A Reuters report, citing people who were familiar with the matter, said the 28 nations within the EU — Britain is set to leave soon, with a date not yet set — had been asked to share more data to tackle any risks that were associated with the rollout of the next-generation of telecommunications technology.
The report said the head of digital for the EC, Andrus Ansip, would make the recommendations on Tuesday; while not binding, they will have the necessary political heft which could finally end in legislation.
For nearly two years, the US has been pushing countries it considers allies to avoid using equipment from Chinese companies, Huawei foremost, in 5G networks. But Washington has produced no proof to back up its claims that these products could be used to spy for China.
Whether the EU directives will be followed by the UK or not is uncertain, given that London is set to leave the bloc soon. But last month, the head of the UK's National Cyber Security Centre, told a conference in Brussels that any likely risk posed by Huawei was manageable.
"Because of our 15 years of dealings with the company and 10 years of a formally agreed mitigation strategy which involves detailed provision of information, we have a wealth of understanding of the company," Martin said.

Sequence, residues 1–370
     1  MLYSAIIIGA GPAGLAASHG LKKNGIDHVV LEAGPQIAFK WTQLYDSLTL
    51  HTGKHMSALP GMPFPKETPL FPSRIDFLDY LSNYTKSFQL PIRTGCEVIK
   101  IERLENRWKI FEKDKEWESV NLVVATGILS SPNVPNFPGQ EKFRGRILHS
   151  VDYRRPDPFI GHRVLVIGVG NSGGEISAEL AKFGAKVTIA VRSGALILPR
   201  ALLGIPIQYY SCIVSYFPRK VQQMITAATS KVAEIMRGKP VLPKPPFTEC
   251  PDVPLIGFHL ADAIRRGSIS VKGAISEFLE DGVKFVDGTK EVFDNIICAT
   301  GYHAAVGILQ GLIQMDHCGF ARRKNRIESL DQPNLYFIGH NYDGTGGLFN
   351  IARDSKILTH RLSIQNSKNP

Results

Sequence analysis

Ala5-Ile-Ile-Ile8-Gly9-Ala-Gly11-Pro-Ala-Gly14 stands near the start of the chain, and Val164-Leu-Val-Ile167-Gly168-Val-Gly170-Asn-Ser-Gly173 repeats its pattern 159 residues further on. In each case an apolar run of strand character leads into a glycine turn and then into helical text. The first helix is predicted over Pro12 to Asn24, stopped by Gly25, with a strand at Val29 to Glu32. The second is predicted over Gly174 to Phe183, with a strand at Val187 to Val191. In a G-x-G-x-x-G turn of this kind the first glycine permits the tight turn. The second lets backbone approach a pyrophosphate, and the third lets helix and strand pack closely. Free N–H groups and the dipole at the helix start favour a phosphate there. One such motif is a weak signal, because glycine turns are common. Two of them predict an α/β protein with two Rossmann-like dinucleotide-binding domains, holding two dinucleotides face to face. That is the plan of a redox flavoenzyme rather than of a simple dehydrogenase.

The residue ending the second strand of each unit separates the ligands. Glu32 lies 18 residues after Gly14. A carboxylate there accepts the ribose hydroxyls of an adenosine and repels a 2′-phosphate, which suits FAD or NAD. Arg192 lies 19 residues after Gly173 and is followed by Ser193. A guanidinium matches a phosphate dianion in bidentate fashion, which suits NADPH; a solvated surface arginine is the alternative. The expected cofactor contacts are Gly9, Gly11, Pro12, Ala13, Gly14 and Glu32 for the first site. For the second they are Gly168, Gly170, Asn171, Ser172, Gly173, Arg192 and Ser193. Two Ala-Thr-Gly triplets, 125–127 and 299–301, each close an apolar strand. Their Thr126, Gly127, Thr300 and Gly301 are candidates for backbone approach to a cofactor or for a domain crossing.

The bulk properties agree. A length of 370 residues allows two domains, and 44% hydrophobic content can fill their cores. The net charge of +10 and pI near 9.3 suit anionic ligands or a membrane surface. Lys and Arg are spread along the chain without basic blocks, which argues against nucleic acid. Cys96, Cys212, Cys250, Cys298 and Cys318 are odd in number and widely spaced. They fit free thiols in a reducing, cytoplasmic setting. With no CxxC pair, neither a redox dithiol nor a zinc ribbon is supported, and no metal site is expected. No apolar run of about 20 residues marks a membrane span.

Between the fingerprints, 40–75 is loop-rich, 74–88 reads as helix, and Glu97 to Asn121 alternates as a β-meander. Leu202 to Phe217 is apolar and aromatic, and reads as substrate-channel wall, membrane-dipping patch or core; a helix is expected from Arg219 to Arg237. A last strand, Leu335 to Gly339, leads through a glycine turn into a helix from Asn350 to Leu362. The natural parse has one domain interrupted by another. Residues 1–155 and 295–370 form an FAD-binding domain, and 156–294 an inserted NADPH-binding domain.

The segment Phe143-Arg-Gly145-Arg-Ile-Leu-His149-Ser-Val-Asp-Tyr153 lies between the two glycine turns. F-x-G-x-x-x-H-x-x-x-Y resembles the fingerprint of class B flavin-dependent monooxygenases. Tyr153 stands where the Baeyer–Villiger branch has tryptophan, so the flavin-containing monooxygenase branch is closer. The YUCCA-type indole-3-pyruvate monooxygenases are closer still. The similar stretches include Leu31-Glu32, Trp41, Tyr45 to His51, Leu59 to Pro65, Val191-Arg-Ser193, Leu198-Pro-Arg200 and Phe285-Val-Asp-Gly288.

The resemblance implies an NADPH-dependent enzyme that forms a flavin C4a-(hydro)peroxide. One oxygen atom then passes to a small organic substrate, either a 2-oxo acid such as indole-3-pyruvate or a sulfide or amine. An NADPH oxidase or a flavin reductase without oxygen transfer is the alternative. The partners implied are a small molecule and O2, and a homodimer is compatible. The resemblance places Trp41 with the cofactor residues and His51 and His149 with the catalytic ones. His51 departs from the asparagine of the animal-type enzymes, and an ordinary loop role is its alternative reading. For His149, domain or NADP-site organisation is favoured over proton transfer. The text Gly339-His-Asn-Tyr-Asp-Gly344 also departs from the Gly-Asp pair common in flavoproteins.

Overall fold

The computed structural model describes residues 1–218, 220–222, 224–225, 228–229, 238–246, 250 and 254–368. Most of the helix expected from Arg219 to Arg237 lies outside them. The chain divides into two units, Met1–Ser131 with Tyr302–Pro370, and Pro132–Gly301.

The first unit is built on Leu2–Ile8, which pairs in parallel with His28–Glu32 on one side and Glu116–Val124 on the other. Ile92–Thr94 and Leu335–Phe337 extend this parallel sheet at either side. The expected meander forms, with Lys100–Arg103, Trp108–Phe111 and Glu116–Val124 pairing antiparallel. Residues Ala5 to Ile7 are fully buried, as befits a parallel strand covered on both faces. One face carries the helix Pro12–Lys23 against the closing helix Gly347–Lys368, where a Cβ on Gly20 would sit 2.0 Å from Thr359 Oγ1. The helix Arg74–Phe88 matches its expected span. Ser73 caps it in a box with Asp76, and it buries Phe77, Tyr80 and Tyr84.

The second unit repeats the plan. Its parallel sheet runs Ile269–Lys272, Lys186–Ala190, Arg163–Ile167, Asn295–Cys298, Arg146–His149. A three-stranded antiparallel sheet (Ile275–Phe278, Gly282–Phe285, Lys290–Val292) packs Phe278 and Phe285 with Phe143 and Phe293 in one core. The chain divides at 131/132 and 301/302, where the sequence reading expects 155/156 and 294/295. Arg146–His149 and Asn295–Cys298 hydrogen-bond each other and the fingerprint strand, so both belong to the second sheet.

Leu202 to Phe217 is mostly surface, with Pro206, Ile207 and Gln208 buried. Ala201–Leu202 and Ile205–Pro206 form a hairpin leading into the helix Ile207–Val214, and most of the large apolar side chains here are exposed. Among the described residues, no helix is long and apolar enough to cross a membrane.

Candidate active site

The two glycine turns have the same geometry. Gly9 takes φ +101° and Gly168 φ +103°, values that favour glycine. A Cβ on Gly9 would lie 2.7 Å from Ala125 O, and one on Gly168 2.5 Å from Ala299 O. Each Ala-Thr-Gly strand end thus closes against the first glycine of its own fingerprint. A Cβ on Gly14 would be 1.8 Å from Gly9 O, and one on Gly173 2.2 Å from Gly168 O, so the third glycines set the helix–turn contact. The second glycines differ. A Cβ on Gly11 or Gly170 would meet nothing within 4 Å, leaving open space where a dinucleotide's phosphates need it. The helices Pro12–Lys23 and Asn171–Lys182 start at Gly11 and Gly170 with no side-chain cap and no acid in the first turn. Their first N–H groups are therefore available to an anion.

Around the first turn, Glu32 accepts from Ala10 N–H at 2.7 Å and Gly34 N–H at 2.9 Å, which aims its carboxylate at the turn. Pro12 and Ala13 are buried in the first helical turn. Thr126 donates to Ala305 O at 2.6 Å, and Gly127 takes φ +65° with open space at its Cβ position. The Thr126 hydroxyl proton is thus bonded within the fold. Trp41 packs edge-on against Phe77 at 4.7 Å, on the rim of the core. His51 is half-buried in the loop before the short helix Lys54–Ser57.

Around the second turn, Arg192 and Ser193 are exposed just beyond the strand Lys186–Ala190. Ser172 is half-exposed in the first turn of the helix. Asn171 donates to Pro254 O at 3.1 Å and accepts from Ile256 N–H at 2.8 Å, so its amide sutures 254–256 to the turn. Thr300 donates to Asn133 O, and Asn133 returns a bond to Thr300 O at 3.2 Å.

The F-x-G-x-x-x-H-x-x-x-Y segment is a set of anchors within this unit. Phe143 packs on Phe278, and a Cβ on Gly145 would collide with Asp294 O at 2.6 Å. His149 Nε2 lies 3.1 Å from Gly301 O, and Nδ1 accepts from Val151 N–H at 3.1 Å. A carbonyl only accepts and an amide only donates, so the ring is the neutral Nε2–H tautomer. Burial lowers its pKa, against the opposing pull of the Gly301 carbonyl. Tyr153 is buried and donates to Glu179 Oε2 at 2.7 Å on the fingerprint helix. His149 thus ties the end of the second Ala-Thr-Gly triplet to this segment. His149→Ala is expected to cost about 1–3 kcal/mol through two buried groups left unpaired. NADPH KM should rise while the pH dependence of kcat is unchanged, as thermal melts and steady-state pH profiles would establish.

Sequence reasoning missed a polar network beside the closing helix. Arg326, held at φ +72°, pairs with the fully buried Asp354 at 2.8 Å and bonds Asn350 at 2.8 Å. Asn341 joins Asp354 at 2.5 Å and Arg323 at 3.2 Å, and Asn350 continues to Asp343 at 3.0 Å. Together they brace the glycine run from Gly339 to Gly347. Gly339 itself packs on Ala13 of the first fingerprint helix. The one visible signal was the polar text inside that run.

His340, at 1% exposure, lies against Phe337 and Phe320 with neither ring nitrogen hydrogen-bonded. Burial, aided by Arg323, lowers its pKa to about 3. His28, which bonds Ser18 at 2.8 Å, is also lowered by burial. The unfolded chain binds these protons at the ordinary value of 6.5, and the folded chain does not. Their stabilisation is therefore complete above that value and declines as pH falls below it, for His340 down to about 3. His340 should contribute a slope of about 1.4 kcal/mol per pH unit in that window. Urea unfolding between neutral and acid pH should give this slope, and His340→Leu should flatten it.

"We also have strict controls for how Huawei is deployed. It is not in any sensitive networks – including those of the government. Its kit is part of a balanced supply chain with other suppliers. Our regime is arguably the toughest and most rigorous oversight regime in the world for Huawei."
Ansip is set to tell EU nations to use processes detailed in the directive on network and information systems which was adopted in 2016 and also the recently introduced Cyber Security Act, the report said.
An EU-China summit on 9 April is expected to discuss this and other related topics such as gaining broader access to the Chinese economy.